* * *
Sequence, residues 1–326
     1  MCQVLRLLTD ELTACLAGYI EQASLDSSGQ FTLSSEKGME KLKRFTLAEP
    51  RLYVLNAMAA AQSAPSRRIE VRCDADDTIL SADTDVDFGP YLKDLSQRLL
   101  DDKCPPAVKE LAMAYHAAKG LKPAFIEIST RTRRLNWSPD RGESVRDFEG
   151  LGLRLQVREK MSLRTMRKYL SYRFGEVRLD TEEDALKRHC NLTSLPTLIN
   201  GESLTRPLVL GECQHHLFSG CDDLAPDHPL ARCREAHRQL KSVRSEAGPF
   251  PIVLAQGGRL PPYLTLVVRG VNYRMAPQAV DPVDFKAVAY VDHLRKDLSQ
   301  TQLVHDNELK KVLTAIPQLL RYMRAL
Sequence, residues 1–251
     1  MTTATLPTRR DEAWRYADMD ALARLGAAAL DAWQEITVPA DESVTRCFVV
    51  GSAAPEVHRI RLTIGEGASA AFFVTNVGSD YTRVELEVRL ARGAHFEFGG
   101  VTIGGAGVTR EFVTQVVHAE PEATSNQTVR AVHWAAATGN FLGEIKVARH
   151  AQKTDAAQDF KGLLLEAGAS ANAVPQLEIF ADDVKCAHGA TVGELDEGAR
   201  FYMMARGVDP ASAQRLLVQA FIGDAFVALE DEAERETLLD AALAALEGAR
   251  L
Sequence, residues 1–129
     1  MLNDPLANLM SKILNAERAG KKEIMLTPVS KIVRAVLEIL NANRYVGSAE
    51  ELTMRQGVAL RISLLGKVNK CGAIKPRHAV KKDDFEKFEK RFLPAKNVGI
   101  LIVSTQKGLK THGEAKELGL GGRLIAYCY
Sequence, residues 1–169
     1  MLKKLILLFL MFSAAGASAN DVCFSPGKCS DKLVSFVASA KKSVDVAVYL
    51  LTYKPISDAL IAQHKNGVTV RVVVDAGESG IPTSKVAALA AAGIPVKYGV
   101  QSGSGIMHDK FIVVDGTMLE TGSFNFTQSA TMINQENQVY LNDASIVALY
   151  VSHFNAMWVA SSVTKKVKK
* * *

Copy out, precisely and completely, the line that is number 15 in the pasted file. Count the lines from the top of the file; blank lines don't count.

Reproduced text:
   251  L